Nobody is taking 'Duck Dynasty' patriarch's free speech rights away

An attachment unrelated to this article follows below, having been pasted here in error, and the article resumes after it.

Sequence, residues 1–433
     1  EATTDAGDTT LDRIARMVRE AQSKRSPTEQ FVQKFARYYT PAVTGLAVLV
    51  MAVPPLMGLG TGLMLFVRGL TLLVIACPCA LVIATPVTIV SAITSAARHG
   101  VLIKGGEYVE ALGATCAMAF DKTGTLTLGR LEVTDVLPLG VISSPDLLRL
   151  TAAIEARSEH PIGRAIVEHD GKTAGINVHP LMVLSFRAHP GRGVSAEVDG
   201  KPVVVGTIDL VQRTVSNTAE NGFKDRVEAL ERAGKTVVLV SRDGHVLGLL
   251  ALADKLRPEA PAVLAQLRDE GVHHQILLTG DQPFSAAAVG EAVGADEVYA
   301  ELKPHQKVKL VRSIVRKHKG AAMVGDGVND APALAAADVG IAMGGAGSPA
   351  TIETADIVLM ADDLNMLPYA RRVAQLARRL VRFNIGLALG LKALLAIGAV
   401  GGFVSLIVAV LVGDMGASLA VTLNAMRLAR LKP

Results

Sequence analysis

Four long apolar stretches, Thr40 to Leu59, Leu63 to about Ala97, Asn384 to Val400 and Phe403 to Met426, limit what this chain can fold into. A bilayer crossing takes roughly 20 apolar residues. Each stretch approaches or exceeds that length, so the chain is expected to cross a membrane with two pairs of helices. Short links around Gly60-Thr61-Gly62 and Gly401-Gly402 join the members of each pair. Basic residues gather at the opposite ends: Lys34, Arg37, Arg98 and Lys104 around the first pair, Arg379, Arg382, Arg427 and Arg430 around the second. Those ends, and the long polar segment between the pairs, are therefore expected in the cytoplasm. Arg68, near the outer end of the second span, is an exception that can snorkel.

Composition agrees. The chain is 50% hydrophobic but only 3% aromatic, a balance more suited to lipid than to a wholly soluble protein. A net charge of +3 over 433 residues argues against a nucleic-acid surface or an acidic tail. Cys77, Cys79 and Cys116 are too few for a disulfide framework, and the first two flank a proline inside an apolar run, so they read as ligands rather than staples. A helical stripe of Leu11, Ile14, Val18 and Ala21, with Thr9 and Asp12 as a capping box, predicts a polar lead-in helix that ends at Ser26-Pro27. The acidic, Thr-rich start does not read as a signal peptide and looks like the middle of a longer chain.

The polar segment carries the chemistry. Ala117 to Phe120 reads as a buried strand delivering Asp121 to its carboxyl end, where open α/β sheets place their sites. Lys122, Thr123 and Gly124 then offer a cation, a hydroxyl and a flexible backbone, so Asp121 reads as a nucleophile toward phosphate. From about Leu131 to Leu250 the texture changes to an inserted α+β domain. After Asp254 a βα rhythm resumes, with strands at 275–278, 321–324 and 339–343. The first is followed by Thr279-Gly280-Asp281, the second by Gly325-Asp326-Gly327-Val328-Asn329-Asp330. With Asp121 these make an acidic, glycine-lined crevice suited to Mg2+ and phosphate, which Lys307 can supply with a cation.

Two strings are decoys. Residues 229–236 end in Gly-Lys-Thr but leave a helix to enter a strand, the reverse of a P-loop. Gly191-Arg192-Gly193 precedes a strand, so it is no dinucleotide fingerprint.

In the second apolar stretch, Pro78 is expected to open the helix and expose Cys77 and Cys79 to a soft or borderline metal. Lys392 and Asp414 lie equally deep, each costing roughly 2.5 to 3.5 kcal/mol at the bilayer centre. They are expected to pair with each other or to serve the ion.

Those defending the "Duck Dynasty" patriarch's right to express his racist, homophobic opinions are completely missing the point.The people of Louisiana ought to be distressed that their governor, Bobby Jindal, is among those who fundamentally misunderstand our right to freedom of speech."This is a free country and everyone is entitled to express their views," Jindahl wrote on his website. "In fact, I remember when TV networks believed in the First Amendment."If you actually read the Constitution, it says, "Congress shall make no law â¦ abridging the freedom of speech."When A&E suspended Phil Robertson for his statements comparing gays to "the greedy, the drunkards, the slanderers, the swindlers" and those who practice "bestiality"; for his declared his belief that African-Americans were all "happy" before the Civil Rights movement came along, it had absolutely nothing to do with the Congress making laws abridging the freedom of speech.And the Constitution does not protect anyone from the consequences of free speech. You can say whatever you want, but you must then deal with the repercussions.I have the right to express whatever views I wish, but that doesn't mean The Salt Lake Tribune can't fire me if I say something particularly offensive in a public forum. The vast majority of Americans are in the same boat. Including Robertson.And those who are attacking A&E for suspending Robertson are seeking to take the network's rights away. A&E issued a statement about the "Duck Dynasty" star's punishment, saying, "His personal views in no way reflect those of A&E Networks, who have always been strong supporters and champions of the LGBT community."You don't have a constitutional right to star in a TV reality show. You don't have a constitutional right to embarrass and undercut your employer.Texas Senator Ted Cruz tweeted, "If you believe in free speech or religious liberty, you should be deeply dismayed over treatment of Phil Robertson."No, you shouldn't. Robertson's free speech and religious liberties were in no way impeded. His rights are intact.So are the rights of his employers.